Previous Challenge Entry (Level 3 - Advanced)
Topic: Snap (09/04/08)
TITLE: Breaking Through
By Yvette Roelofse
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Trying to get her bearings, she found she was surrounded by hedges that speared a good four feet above her head; the morning light nothing but a gray ghost within their confines. The smooth green was broken by welts and rashes of freshly burst blossoms; their scent a cloying cloud that enveloped her in a suffocating and discordant blend of perfume. Some sections of the hedge were draped in delicate white bells that chimed silently in the breezeless air, while a riot of red blossoms ran like blood across several other sections. Vines, bearing bright orange flowers, wound like rusty barb-wire through the leaves, while from other vines hung deep purple berries: sweetly plump and poisonous. Enchanted by the beauty, her mind wandered from escape, and she wandered deeper into the maze.
It was only when she lightly brushed a hand across the tender leaves that she discovered the thorns. They raked like razors across her skin, leaving a trail of blood and tears behind. Confused, she walked to a different section of hedge, but there too thorns pierced through the deceptively fragile foliage; imbedding in her flesh, slicing through her skin. What had appeared to be an artistic intertwining of various plants was in fact one impenetrable wall of two-inch long spires that bayoneted beneath the blooms. Helplessness twisted through her as the reality of the hedge took root: it was a botanical barrier on which she could do no more than impale herself. In a panic-fringed moment of clarity, she understood that she would never escape the labyrinthine prison into which she had so readily rushed.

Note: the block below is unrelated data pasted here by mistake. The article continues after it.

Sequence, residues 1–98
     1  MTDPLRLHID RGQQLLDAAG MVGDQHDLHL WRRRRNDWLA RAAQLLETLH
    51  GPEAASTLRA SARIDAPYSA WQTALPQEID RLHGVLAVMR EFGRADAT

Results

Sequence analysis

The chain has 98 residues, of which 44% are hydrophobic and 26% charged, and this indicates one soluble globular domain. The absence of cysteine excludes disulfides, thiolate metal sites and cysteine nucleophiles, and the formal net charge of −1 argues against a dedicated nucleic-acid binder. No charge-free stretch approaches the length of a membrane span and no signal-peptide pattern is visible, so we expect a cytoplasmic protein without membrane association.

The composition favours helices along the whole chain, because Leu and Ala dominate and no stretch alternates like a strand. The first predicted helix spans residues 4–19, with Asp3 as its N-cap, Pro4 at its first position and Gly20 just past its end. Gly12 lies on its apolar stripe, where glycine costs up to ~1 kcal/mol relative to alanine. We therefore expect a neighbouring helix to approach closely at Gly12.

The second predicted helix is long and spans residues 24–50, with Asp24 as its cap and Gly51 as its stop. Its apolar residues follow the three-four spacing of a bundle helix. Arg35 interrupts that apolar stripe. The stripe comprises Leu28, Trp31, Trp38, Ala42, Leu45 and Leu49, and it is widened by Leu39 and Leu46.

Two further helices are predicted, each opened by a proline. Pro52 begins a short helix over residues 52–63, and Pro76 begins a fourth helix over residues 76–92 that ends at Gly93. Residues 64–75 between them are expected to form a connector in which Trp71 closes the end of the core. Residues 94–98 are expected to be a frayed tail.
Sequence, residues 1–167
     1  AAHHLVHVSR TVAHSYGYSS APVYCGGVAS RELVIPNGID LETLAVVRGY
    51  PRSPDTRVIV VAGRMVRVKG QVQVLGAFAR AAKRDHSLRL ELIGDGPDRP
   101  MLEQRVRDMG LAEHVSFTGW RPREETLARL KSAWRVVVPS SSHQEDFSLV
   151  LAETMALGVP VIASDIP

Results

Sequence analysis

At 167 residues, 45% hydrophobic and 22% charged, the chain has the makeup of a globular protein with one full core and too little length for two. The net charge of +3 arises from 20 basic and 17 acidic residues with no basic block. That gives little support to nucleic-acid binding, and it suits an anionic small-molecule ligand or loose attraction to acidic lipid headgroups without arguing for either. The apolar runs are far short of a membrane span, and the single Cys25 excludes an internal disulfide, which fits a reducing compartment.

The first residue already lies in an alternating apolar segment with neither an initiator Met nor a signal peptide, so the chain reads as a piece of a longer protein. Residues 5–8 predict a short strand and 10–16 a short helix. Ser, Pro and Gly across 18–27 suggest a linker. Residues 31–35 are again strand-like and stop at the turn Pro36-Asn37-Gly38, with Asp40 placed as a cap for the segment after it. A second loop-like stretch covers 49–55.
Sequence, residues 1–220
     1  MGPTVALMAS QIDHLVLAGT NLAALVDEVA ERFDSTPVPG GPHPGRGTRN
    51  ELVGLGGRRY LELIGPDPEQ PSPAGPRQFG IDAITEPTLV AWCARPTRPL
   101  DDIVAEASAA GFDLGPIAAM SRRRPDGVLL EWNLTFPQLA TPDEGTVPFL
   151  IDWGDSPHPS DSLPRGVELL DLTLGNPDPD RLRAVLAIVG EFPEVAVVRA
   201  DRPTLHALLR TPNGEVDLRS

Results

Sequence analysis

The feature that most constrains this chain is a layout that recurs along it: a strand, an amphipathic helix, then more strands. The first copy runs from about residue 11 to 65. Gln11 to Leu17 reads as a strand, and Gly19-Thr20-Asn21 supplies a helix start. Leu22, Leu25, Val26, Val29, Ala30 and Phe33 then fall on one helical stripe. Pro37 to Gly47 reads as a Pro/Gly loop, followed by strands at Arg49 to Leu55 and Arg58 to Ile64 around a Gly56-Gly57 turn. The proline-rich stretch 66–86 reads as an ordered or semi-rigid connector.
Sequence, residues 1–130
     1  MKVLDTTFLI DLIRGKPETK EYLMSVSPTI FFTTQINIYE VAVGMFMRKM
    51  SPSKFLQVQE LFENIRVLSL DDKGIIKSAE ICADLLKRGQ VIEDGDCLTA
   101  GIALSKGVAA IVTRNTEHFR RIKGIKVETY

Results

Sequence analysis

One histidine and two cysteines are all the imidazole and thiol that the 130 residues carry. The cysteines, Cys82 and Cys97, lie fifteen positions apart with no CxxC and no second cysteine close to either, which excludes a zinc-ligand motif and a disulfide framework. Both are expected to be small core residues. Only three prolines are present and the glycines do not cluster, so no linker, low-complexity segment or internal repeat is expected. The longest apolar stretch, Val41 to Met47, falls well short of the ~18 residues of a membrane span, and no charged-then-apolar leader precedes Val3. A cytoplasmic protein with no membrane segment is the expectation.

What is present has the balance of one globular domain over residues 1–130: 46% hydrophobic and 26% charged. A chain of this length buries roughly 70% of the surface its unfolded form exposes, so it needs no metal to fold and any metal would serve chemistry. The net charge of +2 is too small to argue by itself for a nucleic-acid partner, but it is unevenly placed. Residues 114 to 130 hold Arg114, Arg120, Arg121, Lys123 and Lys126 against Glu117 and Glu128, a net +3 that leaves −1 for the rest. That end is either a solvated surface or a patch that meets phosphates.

“Dear God,” she whispered, raising her face to what seemed an unreachable sky, “Help me break through.”
Frozen in the heat of a summer night, waiting for the darkness to settle in and smother her, she heard a sound: a quiet crack of branches that echoed through the hollow hallways of the maze. For a long moment she stood still, hesitant to risk heading blindly into the ink-dark night. Even so, when the sharp snapping of twigs sounded again, she gathered her faith in her tattered hands and moved towards it. Step by painful step, she walked cautiously down the pathway, her skin quivering each time the hedge seemed too close. A sudden rush of wings to her left startled her, and in her panic her shoulder brushed against the hedge to her right. She flinched away from it, her eyes lifting to scan the sky above her for the bird. Lord, she wondered, whom am I following? Her only reply was the brittle breaking of branches.
She continued to follow the pattern of sound: the tearing of thorns and vines, the rush of wings, until she could see the entrance to the maze; until the walls disappeared and the night opened up around her. The inky darkness had spilled out here, casting shadows on the ground but leaving the air and sky to the moon. She could see here: could see the gentle slope of grass up to the house before her and, when she turned, the walls of the maze behind her. But something had changed.
The hedges looked weak and spindly: broken arms reaching up to an impassive sky, the exit ruthlessly and roughly ripped open. A splintering sound beneath her feet made her look down, and she saw that she stood amidst the carnage of the hedge. Broken branches and vines were strewn across the ground, and upon them, silvered in death by the moonlight, a monochromatic bird lay unmasked among crushed flowers, impaled upon one of its own thorns.
A familiar sound drew her eyes back to the sky, and she watched in wonder the flight of a solitary eagle through the night. As the shadow of his powerful wings fell across her, she whispered a quiet prayer of thanks, while behind her the maze withered back into the ground.
Author’s note: The bird in the story is a shrike -- a predatory songbird that impales its prey on thorns and bard-wire fences.
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